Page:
Lowliest Guards on the Israeli Totem Pole

How 'Blaming the Shin-Gimmel' Entered Vernacular

Man In a Glass Booth: The phrase shin-gimmel refers to a battalion guard. But it has also come to mean a scapegoat.
Thinkstock
Man In a Glass Booth: The phrase shin-gimmel refers to a battalion guard. But it has also come to mean a scapegoat.

By Philologos

Published February 10, 2013, issue of February 15, 2013.
  • Print
  • Share Share
  • Multi Page

Two headlines dominated a page of The Marker, the economic section of the Israeli newspaper Haaretz, on January 29. The first, captioning a straight news item, read (in my English translation): “Hershkovitz Stuns Finance Ministry: Fires Deputy.” The second, introducing a commentary on this development by correspondent Nehemia Strassler, declared: “Instead of Tackling Problems — Blame the Shin-gimmel.”

For you Forward readers, this needs some footnoting. “Hershkovitz” is Gal Hershkovitz, director of the ministry of finance’s budget division.

The deputy he fired was Eyal Epstein, the economist responsible for the budget figures that the ministry presents to the government of Israel and the Knesset. He was fired because of the unexpectedly huge deficit that the government ran in 2012, which will now lead to higher taxes and to slashes in public expenditures. “Blame the shin-gimmel” — ah, that’s a bit more complicated.

The Hebrew letters shin-gimmel stand for the words shomer g’dudi, “battalion guard.” That doesn’t mean very much in English, but every Israeli knows what a shin-gimmel is: He’s the soldier who sits in a little booth by the gate to a military base and lets no one unauthorized enter. He inspects the papers of anyone he can’t identify by sight and raises and lowers the barrier that bars or admits motor vehicles.

It’s not a thrilling or highly skilled job, which is why it’s usually assigned to the lowliest soldiers on a base. The four-hour shifts of it that I remember from my weeks of basic training were not the high points of my military career. They did, though, include one memorable incident. Late one night, a car with a military license and two passengers drove up to the barrier at which I was the shin-gimmel.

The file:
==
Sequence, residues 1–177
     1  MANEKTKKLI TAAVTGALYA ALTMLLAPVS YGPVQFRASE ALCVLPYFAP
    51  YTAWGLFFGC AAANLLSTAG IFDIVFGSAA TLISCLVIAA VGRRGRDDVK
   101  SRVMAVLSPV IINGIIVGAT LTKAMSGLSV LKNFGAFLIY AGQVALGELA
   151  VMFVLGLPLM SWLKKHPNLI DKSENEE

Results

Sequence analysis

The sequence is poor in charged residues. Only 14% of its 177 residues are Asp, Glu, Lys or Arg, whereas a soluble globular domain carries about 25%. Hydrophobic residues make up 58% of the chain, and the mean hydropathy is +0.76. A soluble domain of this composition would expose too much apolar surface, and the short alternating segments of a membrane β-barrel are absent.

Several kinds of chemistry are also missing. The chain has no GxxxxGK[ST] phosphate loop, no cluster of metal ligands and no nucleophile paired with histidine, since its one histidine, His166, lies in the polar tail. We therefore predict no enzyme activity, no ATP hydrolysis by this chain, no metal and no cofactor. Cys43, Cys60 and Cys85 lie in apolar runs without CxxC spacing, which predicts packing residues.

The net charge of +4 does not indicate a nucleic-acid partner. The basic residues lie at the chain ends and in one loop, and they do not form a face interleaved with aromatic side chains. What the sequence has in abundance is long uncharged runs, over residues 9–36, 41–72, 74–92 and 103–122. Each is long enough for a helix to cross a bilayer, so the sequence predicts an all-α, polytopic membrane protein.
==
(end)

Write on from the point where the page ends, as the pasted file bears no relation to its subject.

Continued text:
I waited, as I was supposed to do, for the driver, whose face I couldn’t make out, to present his credentials. He honked. I waited some more. He honked again. I stuck to my guns. He stepped out of the car and shouted at me to open the gate. He was, he said, the boyfriend of the base commander’s daughter, whom he was bringing home from a date. He was also, I realized at that exact moment, a cousin of mine, a pilot in the air force. We had a good laugh and met again at the wedding.

I’m not sure, however, that I would have stuck to my guns if the pilot in question had been pointing a gun at me. That’s what happened years later, on the night of November 25, 1987, to a young soldier named Roni Almog, who was the shin-gimmel at a paratrooper base in northern Israel.

Unbeknown to him, two gliders flown by members of Ahmed Jibril’s Popular Front for the Liberation of Palestine had managed to cross the border undetected from Lebanon and then land in Israel. The pilot of one was killed immediately. The pilot of the other made it to the base that Almog was guarding and opened fire. Almog panicked and ran away, and the Palestinian entered the base and killed five of the paratroopers before he was shot.

An investigation was held. The entire blame was laid on Almog, who was court-martialed and sentenced to a year-and-a-half in prison. Although no one doubted that he should have been punished, there was criticism of the investigators for not bothering to ask how the gliders had escaped radar detection in the first place. This grew fiercer when it was revealed that there had been advance intelligence of the attack but that forces on the ground had not been put on the alert — and to compound matters,

Almog’s father then successfully snuck unnoticed into the headquarters of Israel’s Northern Army Command in order to prove that its bases were inadequately protected and that no shin-gimmel should bear sole responsibility for their penetration.

The expression “blaming the shin-gimmel” resulted from “the night of the gliders,” as the event came to be known. Subsequently, it entered the Israeli vernacular as a general way of referring to putting the onus for a mishap on someone at the bottom of an organizational hierarchy while whitewashing those at the top.